Federal employee union leaders have been speaking out on behalf of federal employees the past few months and often vociferously attacking President Bush in the process.
For union leaders, a victory by John Kerry would have been a heady time. Their personal power would be solidified and access to high level politicians they helped to elect would probably an ego trip most of us will never enjoy.
The last time this worked out, Bill Clinton came into office and gave the federal unions “partnership” with federal agencies. Meetings with the vice-president and even the president were not uncommon. The nation’s leaders came to union conventions and, with the sincerity we have come to expect from our national leaders, sang the praises of those who gave them money and worked to get them elected.
Local and national union officials were living high with more power and influence and, in some cases, perhaps even co-managing agencies. That, at least, was the view of some managers who saw the process as a negative experience.
But what happens when a labor organization that is presumably speaking out for the federal employees who elected them as a representative issues a nonstop series of harsh attacks on the president–and the president wins anyway?
In a recent poll taken by FedSmith.com, readers identified themselves as Republicans or Democrats in roughly equal numbers. Most of our readers are active or retired federal employees. While more readers said they were voting for Kerry than for Bush, the margin was not overwhelming and the vote for both candidates was much closer than it was in states like New York or Massachusetts. It’s a fairly balanced picture overall with a lot of support for both candidates.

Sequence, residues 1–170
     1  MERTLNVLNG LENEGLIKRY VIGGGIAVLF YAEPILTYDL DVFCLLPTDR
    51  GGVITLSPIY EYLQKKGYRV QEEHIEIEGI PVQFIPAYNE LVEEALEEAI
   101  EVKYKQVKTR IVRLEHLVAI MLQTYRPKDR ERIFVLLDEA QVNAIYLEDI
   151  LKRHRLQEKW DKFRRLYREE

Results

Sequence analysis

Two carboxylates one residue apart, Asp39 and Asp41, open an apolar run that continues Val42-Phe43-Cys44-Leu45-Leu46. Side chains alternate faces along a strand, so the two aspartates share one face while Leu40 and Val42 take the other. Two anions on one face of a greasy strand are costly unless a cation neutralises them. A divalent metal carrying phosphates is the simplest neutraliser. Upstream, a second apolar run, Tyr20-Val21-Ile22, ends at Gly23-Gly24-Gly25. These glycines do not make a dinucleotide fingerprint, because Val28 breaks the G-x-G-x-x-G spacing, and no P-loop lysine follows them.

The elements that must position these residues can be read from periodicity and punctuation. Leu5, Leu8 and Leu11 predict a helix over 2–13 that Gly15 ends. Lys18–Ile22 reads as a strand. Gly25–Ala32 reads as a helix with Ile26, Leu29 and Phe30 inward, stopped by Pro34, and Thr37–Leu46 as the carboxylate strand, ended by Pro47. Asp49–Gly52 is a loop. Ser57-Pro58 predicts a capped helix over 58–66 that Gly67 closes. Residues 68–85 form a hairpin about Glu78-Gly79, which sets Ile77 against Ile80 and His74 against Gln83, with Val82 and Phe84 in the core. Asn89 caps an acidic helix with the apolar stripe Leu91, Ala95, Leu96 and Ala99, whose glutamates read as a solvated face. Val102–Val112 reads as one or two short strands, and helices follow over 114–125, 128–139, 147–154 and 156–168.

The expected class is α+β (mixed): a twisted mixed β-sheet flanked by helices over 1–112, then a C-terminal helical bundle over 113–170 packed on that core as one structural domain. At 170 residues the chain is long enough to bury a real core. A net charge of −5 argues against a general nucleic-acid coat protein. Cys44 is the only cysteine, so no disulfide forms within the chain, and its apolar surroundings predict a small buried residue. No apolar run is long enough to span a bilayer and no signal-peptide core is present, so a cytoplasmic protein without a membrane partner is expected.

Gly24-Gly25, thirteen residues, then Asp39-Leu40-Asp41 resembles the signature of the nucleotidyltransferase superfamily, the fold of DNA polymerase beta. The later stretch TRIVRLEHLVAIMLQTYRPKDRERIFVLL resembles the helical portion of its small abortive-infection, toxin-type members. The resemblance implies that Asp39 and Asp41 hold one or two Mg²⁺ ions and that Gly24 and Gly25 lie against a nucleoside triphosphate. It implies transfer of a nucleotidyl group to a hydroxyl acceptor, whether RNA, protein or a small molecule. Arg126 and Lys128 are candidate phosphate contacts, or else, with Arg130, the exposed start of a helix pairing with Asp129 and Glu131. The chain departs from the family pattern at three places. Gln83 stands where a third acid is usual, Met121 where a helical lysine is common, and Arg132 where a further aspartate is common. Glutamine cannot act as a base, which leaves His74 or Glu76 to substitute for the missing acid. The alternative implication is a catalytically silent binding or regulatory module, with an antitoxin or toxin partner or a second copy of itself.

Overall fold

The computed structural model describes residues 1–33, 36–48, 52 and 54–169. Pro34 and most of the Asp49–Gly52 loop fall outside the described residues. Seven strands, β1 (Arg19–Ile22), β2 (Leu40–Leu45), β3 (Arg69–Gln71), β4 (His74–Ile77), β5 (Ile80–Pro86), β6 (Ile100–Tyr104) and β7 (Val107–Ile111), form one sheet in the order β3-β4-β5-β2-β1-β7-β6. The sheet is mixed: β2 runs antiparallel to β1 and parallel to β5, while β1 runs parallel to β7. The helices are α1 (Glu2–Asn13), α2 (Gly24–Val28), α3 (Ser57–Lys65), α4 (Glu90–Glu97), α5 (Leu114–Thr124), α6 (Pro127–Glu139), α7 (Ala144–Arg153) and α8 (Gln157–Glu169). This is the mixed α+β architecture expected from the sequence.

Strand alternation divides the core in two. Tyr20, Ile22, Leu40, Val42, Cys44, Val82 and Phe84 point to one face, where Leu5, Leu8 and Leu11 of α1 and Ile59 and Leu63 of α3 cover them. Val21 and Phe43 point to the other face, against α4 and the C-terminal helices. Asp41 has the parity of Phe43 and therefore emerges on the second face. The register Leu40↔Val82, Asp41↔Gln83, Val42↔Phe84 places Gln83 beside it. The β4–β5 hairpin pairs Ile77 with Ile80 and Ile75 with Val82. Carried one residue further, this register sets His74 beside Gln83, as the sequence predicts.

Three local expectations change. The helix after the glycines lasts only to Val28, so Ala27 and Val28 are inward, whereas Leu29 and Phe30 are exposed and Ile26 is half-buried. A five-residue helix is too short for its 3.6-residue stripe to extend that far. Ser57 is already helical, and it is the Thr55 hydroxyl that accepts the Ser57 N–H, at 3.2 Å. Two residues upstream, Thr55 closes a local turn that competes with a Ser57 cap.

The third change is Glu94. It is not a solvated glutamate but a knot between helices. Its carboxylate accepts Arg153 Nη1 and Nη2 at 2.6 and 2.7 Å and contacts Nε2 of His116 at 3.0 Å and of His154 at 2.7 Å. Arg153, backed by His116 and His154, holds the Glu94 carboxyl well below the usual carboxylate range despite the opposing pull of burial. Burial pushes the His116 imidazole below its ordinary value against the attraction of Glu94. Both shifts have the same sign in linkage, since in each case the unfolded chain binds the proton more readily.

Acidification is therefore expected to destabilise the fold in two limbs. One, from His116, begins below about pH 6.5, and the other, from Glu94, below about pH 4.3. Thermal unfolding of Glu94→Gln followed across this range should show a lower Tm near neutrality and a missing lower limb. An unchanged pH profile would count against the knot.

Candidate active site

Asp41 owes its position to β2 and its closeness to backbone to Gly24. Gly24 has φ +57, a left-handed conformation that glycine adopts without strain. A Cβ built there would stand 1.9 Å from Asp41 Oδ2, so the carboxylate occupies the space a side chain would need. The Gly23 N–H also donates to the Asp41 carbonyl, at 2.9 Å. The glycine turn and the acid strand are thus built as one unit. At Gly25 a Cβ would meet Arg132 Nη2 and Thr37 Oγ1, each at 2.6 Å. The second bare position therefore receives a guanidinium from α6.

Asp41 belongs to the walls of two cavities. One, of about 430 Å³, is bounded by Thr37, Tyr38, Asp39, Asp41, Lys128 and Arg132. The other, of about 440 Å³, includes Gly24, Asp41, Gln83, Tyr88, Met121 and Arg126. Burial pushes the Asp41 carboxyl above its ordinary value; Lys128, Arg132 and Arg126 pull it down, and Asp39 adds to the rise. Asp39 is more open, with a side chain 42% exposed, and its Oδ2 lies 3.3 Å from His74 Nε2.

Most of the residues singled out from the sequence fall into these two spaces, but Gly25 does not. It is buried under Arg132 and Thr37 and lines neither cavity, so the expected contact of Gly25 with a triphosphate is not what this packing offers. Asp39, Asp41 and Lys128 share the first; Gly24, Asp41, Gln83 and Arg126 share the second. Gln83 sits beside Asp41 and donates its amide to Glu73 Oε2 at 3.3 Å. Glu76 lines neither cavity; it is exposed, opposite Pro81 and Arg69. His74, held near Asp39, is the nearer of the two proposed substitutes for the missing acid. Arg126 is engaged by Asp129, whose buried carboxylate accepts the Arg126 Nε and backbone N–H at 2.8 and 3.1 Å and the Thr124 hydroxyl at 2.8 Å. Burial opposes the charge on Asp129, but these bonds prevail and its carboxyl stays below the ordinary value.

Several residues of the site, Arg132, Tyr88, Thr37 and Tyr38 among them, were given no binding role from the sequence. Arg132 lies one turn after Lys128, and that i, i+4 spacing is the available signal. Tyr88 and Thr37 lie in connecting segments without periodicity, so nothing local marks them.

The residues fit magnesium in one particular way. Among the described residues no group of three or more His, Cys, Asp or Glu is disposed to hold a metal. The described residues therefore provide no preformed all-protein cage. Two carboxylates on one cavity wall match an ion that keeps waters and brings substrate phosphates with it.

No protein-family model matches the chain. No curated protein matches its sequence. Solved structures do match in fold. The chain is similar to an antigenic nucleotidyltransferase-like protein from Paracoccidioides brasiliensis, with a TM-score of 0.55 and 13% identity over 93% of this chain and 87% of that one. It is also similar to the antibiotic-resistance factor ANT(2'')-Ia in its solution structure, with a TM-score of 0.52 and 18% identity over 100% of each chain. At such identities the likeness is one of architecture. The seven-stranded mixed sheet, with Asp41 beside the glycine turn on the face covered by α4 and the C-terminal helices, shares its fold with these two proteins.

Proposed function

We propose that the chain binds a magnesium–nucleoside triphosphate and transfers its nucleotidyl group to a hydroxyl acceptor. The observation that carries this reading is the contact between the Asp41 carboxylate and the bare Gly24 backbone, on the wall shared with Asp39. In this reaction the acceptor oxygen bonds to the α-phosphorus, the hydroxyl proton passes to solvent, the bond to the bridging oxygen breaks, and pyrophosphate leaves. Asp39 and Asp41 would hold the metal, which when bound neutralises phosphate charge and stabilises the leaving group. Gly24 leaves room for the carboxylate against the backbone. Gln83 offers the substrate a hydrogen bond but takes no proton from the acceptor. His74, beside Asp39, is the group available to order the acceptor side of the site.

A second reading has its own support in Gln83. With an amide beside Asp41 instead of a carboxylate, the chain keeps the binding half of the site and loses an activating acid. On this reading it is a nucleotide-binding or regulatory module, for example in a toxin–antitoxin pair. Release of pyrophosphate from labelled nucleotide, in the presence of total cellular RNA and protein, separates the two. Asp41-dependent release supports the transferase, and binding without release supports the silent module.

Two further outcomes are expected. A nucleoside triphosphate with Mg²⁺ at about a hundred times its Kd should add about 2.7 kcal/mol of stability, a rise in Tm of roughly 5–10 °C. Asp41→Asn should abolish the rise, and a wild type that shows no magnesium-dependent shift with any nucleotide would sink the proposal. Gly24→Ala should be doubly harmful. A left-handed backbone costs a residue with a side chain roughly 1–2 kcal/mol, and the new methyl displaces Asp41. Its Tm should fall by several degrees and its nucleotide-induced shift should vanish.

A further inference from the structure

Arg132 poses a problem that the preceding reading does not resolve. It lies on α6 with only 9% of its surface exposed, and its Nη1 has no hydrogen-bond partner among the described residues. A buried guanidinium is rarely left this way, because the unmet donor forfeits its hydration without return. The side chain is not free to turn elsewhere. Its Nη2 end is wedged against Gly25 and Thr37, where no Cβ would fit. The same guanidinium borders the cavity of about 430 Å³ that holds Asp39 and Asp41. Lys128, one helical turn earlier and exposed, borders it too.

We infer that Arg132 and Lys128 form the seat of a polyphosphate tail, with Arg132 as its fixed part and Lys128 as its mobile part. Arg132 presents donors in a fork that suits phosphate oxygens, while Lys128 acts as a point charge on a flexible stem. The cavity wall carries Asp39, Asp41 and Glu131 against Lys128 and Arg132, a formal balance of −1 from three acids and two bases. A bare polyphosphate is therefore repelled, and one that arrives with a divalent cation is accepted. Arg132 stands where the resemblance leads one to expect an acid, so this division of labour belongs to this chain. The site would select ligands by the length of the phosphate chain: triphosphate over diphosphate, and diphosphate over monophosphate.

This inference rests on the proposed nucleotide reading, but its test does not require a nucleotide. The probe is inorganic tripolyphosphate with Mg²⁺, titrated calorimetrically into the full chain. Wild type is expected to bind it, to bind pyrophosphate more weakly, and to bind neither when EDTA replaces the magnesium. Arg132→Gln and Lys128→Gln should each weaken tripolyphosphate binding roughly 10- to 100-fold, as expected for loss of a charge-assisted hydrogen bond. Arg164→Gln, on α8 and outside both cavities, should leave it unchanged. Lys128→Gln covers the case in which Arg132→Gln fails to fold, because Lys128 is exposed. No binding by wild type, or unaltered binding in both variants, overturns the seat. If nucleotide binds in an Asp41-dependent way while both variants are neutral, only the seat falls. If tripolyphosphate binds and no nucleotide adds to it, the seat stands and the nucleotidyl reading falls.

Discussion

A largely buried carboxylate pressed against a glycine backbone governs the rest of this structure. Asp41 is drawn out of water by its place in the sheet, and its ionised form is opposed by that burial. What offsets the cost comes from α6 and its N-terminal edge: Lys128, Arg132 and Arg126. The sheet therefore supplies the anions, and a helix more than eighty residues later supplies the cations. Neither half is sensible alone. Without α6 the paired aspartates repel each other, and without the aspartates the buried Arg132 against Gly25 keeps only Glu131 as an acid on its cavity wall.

But perception is often reality and labor unions have created the perception of a huge monolithic federal workforce working hard and spending money to elect John Kerry.
Now that this huge monolithic work force is still working for George Bush, is there a good chance the administration will notice that the civil servants working for him (or at least their elected representatives) did everything they could to take away his job?
In theory, the federal civil service is a professional work force with a high degree of job security. Federal employees stay on the job and work to implement the policies of whichever administration is in power. That has worked well for over a century. Federal employees don’t lose their jobs as a result of an election–that is the theory at least.
But what happens now? Will the administration forgive and forget? Will high level officials see a distinction between the rank and file federal employee who may have voted for George Bush and the union officials who have been castigating them and using the name and reputation of federal employees to throw the administration out of office?
John Gage, the National President of AFGE, reminated to the Washington Post: “We are going to have a lot of problems.” Colleen M. Kelley, president of the National Treasury Employees Union, was quoted in the Post “I think they will try to decrease the role of unions in the federal workplace.” Both were presumably talking primarily about the impact of the election on the organizations they represent.